and based on the same set of facts as those in Hawaii Federal Action 1, was also
dismissed without leave to amend. The claims and predicate facts in the instant
case are nearly identical to those in Hawaii Federal Action 1 and Hawaii Federal
Action 2, therefore the Court construes this Complaint as Plaintiff’s fourth
complaint. Accordingly, the Court, in its discretion, declines to provide Plaintiff
another opportunity to amend. See Leadsinger, Inc. v. BMG Music Publ’g, 512 F.
3d 522, 532 (9th Cir. 2008) (denying leave to amend because of “repeated failure to
cure deficiencies”); Cafasso, 2011 WL 1053366, at *7 (“[T]he district court’s
discretion to deny leave to amend is particularly broad where plaintiff has
previously amended the complaint.” (quotations and citations omitted))
The Court additionally notes that Plaintiff’s numerous and repeated
lawsuits against several defendants have caused an undue burden on them, and
allowing Plaintiff leave to amend would therefore be unduly prejudicial to those
defendants. Accordingly, Plaintiff is not granted leave to amend his Complaint.
For the reasons stated above, the Court GRANTS State of Hawaii
Defendants’ Motion to Dismiss (Doc. # 15), GRANTS Morton’s Motion to Dismiss
(Doc. # 18), GRANTS Norton’s Motion to Dismiss (Doc. # 24), GRANTS Ibarra
and Strance’s Motion to Dismiss (Doc. # 29), GRANTS Krueger’s Motion for
Joinder regarding State of Hawaii Defendants’ Motion to Dismiss (Doc. # 30),
GRANTS Whittaker’s Motion for Joinder regarding State of Hawaii Defendants’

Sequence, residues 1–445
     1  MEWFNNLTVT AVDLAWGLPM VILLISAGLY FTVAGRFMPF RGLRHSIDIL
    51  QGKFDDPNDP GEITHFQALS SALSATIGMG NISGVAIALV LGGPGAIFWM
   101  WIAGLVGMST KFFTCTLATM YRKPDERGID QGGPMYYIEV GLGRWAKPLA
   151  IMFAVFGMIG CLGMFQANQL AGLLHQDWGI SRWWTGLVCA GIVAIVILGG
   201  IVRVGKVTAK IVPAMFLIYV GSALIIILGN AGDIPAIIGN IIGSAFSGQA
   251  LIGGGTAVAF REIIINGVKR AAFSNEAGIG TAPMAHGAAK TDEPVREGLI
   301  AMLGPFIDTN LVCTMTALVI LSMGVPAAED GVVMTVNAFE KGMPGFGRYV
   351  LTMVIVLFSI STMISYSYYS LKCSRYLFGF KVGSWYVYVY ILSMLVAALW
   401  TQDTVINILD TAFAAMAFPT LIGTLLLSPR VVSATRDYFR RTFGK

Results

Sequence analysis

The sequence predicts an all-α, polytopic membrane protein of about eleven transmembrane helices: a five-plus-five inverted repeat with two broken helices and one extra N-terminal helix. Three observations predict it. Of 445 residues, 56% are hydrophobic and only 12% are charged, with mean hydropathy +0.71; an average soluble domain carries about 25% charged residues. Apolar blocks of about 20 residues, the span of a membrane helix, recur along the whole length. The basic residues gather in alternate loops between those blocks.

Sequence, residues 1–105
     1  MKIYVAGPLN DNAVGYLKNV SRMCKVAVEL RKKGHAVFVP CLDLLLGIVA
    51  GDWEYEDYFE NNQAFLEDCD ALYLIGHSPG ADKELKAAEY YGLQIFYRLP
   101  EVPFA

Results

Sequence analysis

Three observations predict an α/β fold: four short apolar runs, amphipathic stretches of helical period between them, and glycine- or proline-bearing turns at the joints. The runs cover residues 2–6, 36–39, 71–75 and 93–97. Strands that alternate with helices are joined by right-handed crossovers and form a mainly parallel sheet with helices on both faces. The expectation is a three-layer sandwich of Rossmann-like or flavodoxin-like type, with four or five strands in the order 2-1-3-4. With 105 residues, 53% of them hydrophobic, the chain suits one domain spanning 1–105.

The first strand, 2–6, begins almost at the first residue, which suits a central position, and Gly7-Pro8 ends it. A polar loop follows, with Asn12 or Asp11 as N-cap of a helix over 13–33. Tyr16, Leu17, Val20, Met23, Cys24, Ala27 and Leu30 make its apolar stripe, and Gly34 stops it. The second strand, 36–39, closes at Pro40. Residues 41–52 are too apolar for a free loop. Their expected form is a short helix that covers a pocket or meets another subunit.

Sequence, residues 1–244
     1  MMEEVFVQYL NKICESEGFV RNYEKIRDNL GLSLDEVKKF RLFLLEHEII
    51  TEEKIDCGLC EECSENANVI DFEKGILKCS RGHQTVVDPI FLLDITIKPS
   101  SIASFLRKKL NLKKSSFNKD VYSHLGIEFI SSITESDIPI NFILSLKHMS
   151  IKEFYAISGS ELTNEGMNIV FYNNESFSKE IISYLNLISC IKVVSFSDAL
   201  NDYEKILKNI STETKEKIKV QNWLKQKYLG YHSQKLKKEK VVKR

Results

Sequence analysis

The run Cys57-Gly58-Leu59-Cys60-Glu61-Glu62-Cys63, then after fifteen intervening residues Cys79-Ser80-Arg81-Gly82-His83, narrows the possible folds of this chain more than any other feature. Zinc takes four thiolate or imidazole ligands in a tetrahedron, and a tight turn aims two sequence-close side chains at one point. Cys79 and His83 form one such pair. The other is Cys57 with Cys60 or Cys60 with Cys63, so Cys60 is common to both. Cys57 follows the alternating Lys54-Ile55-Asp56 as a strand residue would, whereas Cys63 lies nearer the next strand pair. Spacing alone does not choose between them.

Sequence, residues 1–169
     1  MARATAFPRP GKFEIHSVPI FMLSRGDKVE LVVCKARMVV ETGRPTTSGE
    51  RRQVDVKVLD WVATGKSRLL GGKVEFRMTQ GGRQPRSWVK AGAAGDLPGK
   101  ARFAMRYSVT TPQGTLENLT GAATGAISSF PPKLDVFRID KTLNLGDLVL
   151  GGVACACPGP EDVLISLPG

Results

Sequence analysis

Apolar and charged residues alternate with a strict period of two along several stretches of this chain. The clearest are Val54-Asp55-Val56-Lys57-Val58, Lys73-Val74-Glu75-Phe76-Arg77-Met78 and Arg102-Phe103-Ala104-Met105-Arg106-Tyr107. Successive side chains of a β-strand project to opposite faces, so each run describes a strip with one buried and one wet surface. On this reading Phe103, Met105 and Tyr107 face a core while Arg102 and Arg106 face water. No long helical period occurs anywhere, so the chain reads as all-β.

Motion to Dismiss (Doc. # 31), GRANTS USCG’s Motion to Dismiss (Doc. # 34),
and DENIES AS MOOT GKM’s Motion to Quash Service and Dismiss Complaint
(Doc. # 53). Additionally, the Court DISMISSES without leave to amend
Plaintiff’s Complaint. For this reason, the Court also DENIES AS MOOT
Plaintiff’s Motion to Add John Doe & Doe Corporation Entities to Complaint (Doc.
# 59), DENIES AS MOOT State of Illinois’s Motion to Dismiss (Doc. # 72),
DENIES AS MOOT State of California’s Motion to Dismiss (Doc. # 86), and
DENIES AS MOOT Plaintiff’s Motion for Protection by Lis Pendens Against
GKM (Doc. # 92). The Clerk of the Court is hereby directed to close this case.
IT IS SO ORDERED.
DATED: Honolulu, Hawaii, May 25, 2011.
David Alan Ezra
United States District Judge
Hofelich v. State of Hawaii, et al., Cv. No. 11-00034 DAE-BMK; AMENDED
ORDER: (1) GRANTING STATE OF HAWAII DEFENDANTS’ MOTION TO
DISMISS; (2) GRANTING MORTON’S MOTION TO DISMISS; (3) GRANTING
NORTON’S MOTION TO DISMISS; (4) GRANTING IBARRA AND
STRANCE’S MOTION TO DISMISS; (5) GRANTING KRUEGER’S MOTION
FOR JOINDER REGARDING STATE OF HAWAII DEFENDANTS’ MOTION
TO DISMISS; (6) GRANTING WHITTAKER’S MOTION FOR JOINDER
REGARDING STATE OF HAWAII DEFENDANTS’ MOTION TO DISMISS; (7)
GRANTING USCG’S MOTION TO DISMISS; (8) DENYING AS MOOT GKM’S
MOTION TO QUASH SERVICE AND DISMISS COMPLAINT; (9) DENYING
AS MOOT PLAINTIFF’S MOTION TO ADD JOHN DOE & DOE
CORPORATION ENTITIES TO COMPLAINT; (10) DENYING AS MOOT
STATE OF ILLINOIS’ MOTION TO DISMISS; (11) DENYING AS MOOT
STATE OF CALIFORNIA’S MOTION TO DISMISS; (12) DENYING AS MOOT
PLAINTIFF’S MOTION FOR PROTECTION BY LIS PENDENS AGAINST
GKM; AND (13) DISMISSING PLAINTIFF’S COMPLAINT WITHOUT LEAVE
Disclaimer: Justia Dockets & Filings provides public litigation records from the federal appellate and district courts. These filings and docket sheets should not be considered findings of fact or liability, nor do they necessarily reflect the view of Justia.
Why Is My Information Online?